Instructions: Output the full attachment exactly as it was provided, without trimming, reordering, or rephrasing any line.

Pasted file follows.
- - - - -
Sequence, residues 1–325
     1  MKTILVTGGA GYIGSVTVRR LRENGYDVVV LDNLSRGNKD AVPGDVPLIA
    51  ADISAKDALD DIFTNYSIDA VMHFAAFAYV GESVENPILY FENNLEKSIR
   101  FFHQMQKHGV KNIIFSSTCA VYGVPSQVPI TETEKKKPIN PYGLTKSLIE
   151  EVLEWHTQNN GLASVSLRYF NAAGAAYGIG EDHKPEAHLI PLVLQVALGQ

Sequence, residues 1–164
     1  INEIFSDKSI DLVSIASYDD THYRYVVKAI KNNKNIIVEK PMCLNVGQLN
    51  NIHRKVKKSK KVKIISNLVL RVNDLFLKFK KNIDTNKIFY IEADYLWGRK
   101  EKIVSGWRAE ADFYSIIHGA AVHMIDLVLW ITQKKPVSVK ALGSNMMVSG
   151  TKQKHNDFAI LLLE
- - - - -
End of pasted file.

Sequence, residues 1–325
     1  MKTILVTGGA GYIGSVTVRR LRENGYDVVV LDNLSRGNKD AVPGDVPLIA
    51  ADISAKDALD DIFTNYSIDA VMHFAAFAYV GESVENPILY FENNLEKSIR
   101  FFHQMQKHGV KNIIFSSTCA VYGVPSQVPI TETEKKKPIN PYGLTKSLIE
   151  EVLEWHTQNN GLASVSLRYF NAAGAAYGIG EDHKPEAHLI PLVLQVALGQ

Sequence, residues 1–164
     1  INEIFSDKSI DLVSIASYDD THYRYVVKAI KNNKNIIVEK PMCLNVGQLN
    51  NIHRKVKKSK KVKIISNLVL RVNDLFLKFK KNIDTNKIFY IEADYLWGRK
   101  EKIVSGWRAE ADFYSIIHGA AVHMIDLVLW ITQKKPVSVK ALGSNMMVSG
   151  TKQKHNDFAI LLLE